In the U.S. and two-thirds of the world's countries, people drive on the right side of the road. In Britain and the rest of the world, people drive on the left side. The reason behind the difference comes down to the history of passing drivers.
To know Americans drive on the right, we have to go back to long before the automobile was even on the scene. In Medieval times, horseback riders kept to the left side of the road in order to keep their swords on their right sides, closer to any potential approaching enemies. This also allowed riders to mount and dismount on the left side of the road instead of in the middle.
Left-hand traffic became law in Britain in 1773, and the empire exported its driving norm throughout their colonies, which is why many former British territories such as Australia, New Zealand, South Africa and India still drive on the left.
Meanwhile, in 18th-century France the rich normally rode on the left, while peasants kept to the right side of the road. After the French Revolution, former aristocrats felt safer keeping a low profile and fell in line with the rest of the citizenry on the right. Driving on the right became law in France in 1794, and the custom spread throughout much of continental Europe.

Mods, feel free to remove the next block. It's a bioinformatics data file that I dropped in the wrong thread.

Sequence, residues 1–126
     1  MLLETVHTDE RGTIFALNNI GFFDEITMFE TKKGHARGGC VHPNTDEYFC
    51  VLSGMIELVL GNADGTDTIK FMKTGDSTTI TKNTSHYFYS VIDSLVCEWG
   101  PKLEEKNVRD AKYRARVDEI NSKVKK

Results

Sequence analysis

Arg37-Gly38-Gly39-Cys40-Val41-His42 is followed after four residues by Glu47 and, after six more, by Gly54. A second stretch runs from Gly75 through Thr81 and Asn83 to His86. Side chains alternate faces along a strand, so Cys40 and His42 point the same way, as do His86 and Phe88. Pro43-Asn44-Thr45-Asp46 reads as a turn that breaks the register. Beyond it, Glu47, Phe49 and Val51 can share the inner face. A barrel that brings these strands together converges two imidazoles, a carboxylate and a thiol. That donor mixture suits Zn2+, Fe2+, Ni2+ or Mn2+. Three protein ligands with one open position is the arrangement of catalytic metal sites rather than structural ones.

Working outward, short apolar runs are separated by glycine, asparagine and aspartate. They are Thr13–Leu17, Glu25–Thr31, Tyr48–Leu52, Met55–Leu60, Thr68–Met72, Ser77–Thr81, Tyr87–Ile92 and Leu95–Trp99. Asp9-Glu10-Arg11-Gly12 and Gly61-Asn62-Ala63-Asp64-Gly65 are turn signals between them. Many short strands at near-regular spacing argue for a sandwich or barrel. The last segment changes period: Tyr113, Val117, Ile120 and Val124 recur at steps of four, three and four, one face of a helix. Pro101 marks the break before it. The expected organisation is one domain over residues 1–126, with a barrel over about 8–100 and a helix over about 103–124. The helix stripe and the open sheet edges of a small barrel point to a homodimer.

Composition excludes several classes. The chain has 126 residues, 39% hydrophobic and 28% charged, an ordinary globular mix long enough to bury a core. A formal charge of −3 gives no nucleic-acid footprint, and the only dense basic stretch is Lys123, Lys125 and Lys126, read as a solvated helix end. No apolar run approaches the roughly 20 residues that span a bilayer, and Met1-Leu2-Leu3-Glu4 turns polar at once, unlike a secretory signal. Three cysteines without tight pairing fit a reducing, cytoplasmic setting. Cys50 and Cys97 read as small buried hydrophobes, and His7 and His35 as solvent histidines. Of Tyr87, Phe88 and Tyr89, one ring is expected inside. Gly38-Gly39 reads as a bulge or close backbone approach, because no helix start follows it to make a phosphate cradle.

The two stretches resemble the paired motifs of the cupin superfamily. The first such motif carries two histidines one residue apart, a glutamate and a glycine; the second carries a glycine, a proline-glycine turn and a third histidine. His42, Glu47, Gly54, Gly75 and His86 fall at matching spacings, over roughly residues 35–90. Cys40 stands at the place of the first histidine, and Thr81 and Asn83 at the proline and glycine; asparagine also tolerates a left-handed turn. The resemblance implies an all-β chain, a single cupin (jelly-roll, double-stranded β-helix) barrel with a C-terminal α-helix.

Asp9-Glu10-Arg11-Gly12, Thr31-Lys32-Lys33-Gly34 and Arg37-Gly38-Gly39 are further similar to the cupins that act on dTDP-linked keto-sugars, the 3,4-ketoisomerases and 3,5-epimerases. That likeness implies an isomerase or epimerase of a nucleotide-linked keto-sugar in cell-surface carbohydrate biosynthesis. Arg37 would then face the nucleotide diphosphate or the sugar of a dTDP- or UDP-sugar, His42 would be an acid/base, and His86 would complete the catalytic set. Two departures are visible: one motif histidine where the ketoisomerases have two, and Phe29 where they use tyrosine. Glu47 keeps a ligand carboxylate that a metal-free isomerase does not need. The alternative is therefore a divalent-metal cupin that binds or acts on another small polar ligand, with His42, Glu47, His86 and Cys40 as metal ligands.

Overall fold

Around the same time in the United States, goods and food were commonly transported on large wagons pulled by pairs or teams of horses. As many cargo wagons didn't have a seat, the driver would ride the rear left horse in order to keep their right hand free to carry the whip. Riding on the right ensured that the whip never inadvertently hit a passing rider.
In addition, following the American Revolution, the fledgling country wanted to throw off any remaining ties with England. By 1813 driving on the right was law in three states.
The design of Henry Ford's Model T, with the driver's seat on the left side of the car, sealed the deal. A handful of countries—Canada, Italy, and Spain—switched to right-side driving in the 1920s as cars became more popular. More recently, Sweden just switched to right side driving in 1967.